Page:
Jonathan Ernst/Reuters
(From l. to r.) Assistant to the President of the AFL-CIO Gerald Shea , SEIU Healthcare Chair Dennis Rivera, Harvard School of Public Health Professor Katherine Baicker, MIT Department of Economics Associate Head Jonathan Gruber and National Association of Health Underwriters CEO Janet Trautwein join a roundtable-style hearing about healthcare reform in the Senate Health, Education, Labor and Pensions Committee on Capitol Hill in Washington, June 11, 2009. Since the passage of the Affordable Care Act, footage has surfaced of Professor Gruber calling voters stupid.

Has Gruber-gate resurrected Obamacare as a front-rank issue?

That looks possible today amid the lava storm of GOP umbrage over Gruber’s taped comments that the ACA passed in part due to the 'stupidity of the American voter.'

Has MIT economist and Obamacare architect Jonathan Gruber inadvertently given new life to the Republican effort to repeal or radically alter the Affordable Care Act?

That looks possible today amid the lava storm of GOP umbrage over Gruber’s taped comments that the ACA passed in part due to the “stupidity of the American voter” and the “lack of transparency” about its funding provisions.

The condescending tone of these remarks seems to confirm the right’s belief that liberals are snooty elitists. House Republicans are talking about hauling Gruber up to Congress for oversight hearings, while conservative activists insist that the mainstream media is ignoring the controversy.

Incoming Senate majority leader Mitch McConnell had already indicated he plans to hold some kind of vote on repealing the entire Obamacare bill. Gruber-gate may increase pressure on McConnell to move quickly on that vote and others meant to make big changes in the ACA, such repealing its tax on medical devices.

“Gruber’s controversial comments have reminded the public why they view the Affordable Care Act with as much suspicion as they do. This is a consequential development occurring at an auspicious moment for the law’s opponents, no matter how much the press seeks to deny it,” writes Noah Rothman at the right-leaning Hot Air site.

We’re not getting into an analysis of Gruber’s words right now. We did that yesterday, in a lengthy story that apparently escaped Fox media critic Howard Kurtz, who tweeted this morning that “most of the media ignore Jonathan Gruber video.”

Sigh. Maybe someday we’ll become part of the MSM.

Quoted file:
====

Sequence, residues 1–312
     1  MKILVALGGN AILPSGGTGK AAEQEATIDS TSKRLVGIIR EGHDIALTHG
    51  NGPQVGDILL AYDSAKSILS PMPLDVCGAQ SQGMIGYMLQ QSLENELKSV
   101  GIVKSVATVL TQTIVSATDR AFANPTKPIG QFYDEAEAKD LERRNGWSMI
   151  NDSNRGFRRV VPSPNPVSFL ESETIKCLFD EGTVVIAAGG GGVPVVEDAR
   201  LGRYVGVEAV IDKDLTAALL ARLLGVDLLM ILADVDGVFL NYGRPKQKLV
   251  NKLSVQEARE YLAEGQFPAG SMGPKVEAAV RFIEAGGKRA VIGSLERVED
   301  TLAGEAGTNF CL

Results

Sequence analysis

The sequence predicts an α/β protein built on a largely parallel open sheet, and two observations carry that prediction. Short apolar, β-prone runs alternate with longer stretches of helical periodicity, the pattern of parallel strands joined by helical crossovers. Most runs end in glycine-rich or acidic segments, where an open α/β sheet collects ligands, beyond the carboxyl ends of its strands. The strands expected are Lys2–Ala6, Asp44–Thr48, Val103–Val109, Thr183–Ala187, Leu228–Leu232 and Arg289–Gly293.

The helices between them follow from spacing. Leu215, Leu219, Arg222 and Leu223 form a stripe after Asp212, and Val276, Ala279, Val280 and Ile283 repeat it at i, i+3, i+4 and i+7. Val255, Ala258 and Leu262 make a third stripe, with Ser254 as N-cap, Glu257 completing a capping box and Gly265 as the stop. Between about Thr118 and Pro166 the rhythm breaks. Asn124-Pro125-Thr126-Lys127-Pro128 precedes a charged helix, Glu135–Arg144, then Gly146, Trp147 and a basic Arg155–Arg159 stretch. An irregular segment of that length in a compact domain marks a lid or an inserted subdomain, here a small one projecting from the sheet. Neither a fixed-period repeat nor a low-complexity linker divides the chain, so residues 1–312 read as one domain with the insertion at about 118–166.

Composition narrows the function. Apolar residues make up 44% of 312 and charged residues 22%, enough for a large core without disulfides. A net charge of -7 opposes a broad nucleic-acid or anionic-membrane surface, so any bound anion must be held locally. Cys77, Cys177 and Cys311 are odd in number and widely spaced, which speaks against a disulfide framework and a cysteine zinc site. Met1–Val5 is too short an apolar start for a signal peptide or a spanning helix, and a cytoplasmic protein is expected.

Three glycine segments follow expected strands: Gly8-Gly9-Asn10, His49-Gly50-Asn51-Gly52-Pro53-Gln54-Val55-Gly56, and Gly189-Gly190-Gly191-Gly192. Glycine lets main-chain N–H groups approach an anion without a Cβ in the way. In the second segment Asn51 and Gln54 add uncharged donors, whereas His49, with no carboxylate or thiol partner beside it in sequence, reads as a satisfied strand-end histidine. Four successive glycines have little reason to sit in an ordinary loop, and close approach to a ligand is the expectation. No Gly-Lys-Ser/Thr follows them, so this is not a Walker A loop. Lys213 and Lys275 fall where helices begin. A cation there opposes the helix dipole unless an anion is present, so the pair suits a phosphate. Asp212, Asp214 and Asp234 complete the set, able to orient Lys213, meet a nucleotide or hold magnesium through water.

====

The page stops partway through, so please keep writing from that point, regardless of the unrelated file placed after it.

However, as we noted in that piece, Gruber’s got little excuse for calling voters “stupid.” Yes, the remarks were old, dredged up by conservative activists a year after they were made. But he said it a lot – there are now at least three tapes of similar remarks – and as a quasi-public figure he should know better than to frame things in such a disdaining manner.

That’s not just our opinion. Mr. Spock thinks so, too. We are not kidding.

“Mr. Gruber. To speak before engaging brain is illogical. LLAP,” tweeted actor Leonard Nimoy on Thursday.

That said, Gruber’s words haven’t changed the power equation in Washington. They’ve only inflamed an already fraught situation.

Obamacare won’t be repealed. President Obama would veto that, and he’s still president. There aren’t enough Senate votes to override it.

He’s also likely to veto any change in the law large enough to placate conservatives. A repeal of the tax on medical devices? Maybe that gets through . . . but maybe not.

However, the right wing of the Republican Party is already pressing Senator McConnell to tie Obamacare changes to funding bills, which require only a majority of the Senate to pass. The problem with that is that it risks a government shutdown, as Obama would likely veto any spending bill with ACA changes attached, even a sweeping omnibus spending measure.

So what’s changed is not so much the odds on Obamacare’s future, as the odds of an ugly confrontation between the White House and Congress in the early weeks of the next congressional session.

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